Georgie Anne Geyer

Time for Ethical and Moral Reboot

WASHINGTON -- Random thoughts about America today as yet another great snowstorm threatens us at the gates:

I'm trying to make some sense out of our leaders here in the nation's capital, but the thoughts do not yield to a cogent or orderly outcome.

The Republicans are, as we know, somewhat fanatical about the government being responsible for everything bad -- from Genesis to changes in the weather -- yet think of this: If we're honest, so many events this winter are actually due to the vagaries of individual human beings.

I have been watching, somewhat obsessively as have many Americans these days, the TV and newspaper coverage of the killings in Newtown, Conn., and I cannot help but notice that virtually every commentator blames the town, then the "lack of mental health facilities" and finally the gun lobby.

But I, at least, have never yet seen someone place the responsibility and the blame where it really belongs -- squarely on the shoulders of Adam Lanza's mother, father and brother, those closest to him in physical, if not emotional, terms. They are the ones who should have monitored this "troubled" (to say the very least) boy and have put him away, if necessary.

That picture of him that goes round and round, with the weird bangs, the baggy clothes and the madly staring eyes, is one that I would classify as "evil." Oh, I know that's not a popular word these days, intimating as it does a force of the spirit in his sick mind, but that was my first choice. Sorry.

Instead of searching for just the right mental health program for him, Adam might more appropriately have been the subject of an exorcism, but please don't tell anyone I said that! But the most important act –- or non-act -- of all with regard to this sick boy was that of his mother, Nancy Lanza. She just left this boy alone, who spent hours in the dark playing killer games with all of her loaded guns available. No mental health program in the country could have undone that error.

Then there is our late ambassador to Libya, Chris Stevens, who died with three of his security men on Sept. 1, 2012, in vicious attacks, followed by raging fires, on the American consulate in Benghazi. From that first moment on, the arguments raged in Washington and elsewhere as to why the United States did not provide him with better security.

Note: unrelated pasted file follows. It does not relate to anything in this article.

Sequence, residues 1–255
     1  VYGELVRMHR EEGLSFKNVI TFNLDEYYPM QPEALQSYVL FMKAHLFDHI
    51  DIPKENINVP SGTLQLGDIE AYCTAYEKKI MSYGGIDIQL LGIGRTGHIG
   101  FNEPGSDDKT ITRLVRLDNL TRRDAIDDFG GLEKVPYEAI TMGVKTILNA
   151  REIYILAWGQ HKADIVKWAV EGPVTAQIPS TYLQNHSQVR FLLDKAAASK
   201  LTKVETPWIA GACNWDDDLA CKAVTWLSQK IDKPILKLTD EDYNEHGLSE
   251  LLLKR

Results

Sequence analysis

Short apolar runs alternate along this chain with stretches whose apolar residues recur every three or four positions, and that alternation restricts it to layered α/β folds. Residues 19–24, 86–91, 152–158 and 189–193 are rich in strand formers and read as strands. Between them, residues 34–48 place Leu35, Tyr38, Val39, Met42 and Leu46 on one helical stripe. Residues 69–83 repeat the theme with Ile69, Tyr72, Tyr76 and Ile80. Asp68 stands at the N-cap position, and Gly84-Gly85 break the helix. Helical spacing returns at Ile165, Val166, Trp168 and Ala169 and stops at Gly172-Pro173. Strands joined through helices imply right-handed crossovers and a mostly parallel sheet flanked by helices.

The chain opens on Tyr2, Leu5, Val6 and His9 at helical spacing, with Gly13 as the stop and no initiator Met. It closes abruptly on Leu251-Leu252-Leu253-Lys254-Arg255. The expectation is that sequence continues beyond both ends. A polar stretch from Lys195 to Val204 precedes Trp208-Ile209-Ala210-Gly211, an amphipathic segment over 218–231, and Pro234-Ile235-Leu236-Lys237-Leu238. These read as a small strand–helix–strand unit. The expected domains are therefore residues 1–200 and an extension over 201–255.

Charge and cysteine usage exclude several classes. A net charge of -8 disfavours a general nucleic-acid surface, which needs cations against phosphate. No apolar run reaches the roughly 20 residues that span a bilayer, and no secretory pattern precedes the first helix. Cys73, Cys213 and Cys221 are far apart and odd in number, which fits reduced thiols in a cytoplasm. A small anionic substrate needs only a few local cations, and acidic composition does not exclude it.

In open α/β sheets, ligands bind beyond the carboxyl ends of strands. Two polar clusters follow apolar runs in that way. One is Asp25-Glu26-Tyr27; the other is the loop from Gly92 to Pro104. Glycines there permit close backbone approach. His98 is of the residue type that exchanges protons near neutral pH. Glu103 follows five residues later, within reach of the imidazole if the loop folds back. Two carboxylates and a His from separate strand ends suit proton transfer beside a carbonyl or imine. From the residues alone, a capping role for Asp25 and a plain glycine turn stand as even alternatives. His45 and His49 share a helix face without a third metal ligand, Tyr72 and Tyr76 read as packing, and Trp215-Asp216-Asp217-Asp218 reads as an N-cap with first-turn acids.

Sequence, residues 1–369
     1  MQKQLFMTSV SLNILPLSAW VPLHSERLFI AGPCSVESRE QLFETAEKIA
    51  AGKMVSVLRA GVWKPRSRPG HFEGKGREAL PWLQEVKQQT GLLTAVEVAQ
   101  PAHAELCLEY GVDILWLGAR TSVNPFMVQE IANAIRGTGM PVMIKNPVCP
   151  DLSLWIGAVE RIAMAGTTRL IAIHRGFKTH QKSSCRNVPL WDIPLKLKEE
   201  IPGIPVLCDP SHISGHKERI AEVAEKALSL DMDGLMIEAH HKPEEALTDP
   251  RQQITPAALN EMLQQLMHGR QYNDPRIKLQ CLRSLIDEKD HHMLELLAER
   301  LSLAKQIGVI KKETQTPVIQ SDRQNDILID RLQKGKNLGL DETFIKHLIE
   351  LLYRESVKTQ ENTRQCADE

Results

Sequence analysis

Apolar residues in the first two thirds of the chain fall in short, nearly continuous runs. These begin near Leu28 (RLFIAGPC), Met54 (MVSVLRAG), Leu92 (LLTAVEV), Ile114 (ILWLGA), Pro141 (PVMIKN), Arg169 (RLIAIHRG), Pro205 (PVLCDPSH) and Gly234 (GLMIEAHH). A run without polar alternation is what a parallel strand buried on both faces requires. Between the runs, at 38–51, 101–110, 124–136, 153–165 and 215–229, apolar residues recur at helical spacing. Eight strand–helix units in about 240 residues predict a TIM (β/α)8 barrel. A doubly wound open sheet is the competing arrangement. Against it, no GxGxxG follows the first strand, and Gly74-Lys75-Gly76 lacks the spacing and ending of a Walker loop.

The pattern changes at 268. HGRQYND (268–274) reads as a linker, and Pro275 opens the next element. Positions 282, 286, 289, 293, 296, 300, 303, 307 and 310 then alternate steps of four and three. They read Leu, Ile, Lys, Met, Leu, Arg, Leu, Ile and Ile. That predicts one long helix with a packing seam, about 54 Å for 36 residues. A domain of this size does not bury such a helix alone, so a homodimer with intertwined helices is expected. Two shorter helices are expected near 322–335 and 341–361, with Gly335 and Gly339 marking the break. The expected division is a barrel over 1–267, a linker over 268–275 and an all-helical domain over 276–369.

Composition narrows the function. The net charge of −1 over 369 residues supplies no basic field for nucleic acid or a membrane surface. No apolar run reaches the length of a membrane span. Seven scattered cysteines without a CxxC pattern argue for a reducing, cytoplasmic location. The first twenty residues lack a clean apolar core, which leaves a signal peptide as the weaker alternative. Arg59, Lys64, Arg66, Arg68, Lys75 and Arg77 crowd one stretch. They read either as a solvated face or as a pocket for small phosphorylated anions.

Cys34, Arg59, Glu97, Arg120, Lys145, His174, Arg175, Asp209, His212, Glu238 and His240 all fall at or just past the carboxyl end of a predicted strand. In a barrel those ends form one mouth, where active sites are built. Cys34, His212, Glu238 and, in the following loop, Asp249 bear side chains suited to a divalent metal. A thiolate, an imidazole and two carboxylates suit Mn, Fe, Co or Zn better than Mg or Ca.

This, too, bewilders me. In my 40-some years covering countries and embassies around the world, it has always been my observation that it is the ambassadors on the spot -- and not faraway diplomats in Washington -- who make such decisions as the foolish Benghazi visit. Why did Stevens put himself and his men in such unnecessary danger on such a day?

This is the key issue to that debated "Benghazi question," and yet the real story, this one about his personal judgment, is never mentioned.

It seems that these days, especially since Newtown, all we hear on TV broadcasts and all we read in the papers are murders, some of them mass murders -- day after day! What is becoming of us? What HAS become of us?

I remember when Barack Obama was first elected, and found to his chagrin an economy collapsing, that I said and wrote, "He needs to 'hang someone.'" He needed to make an example of one of the Wall Street billionaires who dominated our finances, all for their own greedy benefit. But he didn't; he said it was because he was too afraid of its effect on the country.

The larger problem we have is quite simply a moral one. But that in itself is a huge problem, particularly when it involves a country like ours, no longer at the beginning of our national life but in middle age. How do you inject moral values and principles into a nation or polity already formed?

It is infinitely easier to build correctly from the start -- as, indeed, we did -- than to rebuild our political passions and educational system, etc., more than 200 years into our existence, when habits are well-established, wealth is isolated in small, exclusive enclaves, and the values that formed the country no longer dominate in day-to-day parlance.

Perhaps our greatest reason for hope lies in the fact that finally, if belatedly, a second-term President Obama is trying to "hang somebody" for the terrible greed that accompanied our economic downfall.

Indeed, every day on the pages of The Financial Times and The Wall Street Journal the news columns are filled with one investigation after another -- of hedge funds, of CEOs finally having their infamous bonuses restricted, and of the Libor rate-fixers in Europe being investigated and punished.

We're facing many different challenges at the same time. Yet our nation still can work –- and will work -- once we get our moral and ethical compass pointing in the right direction.

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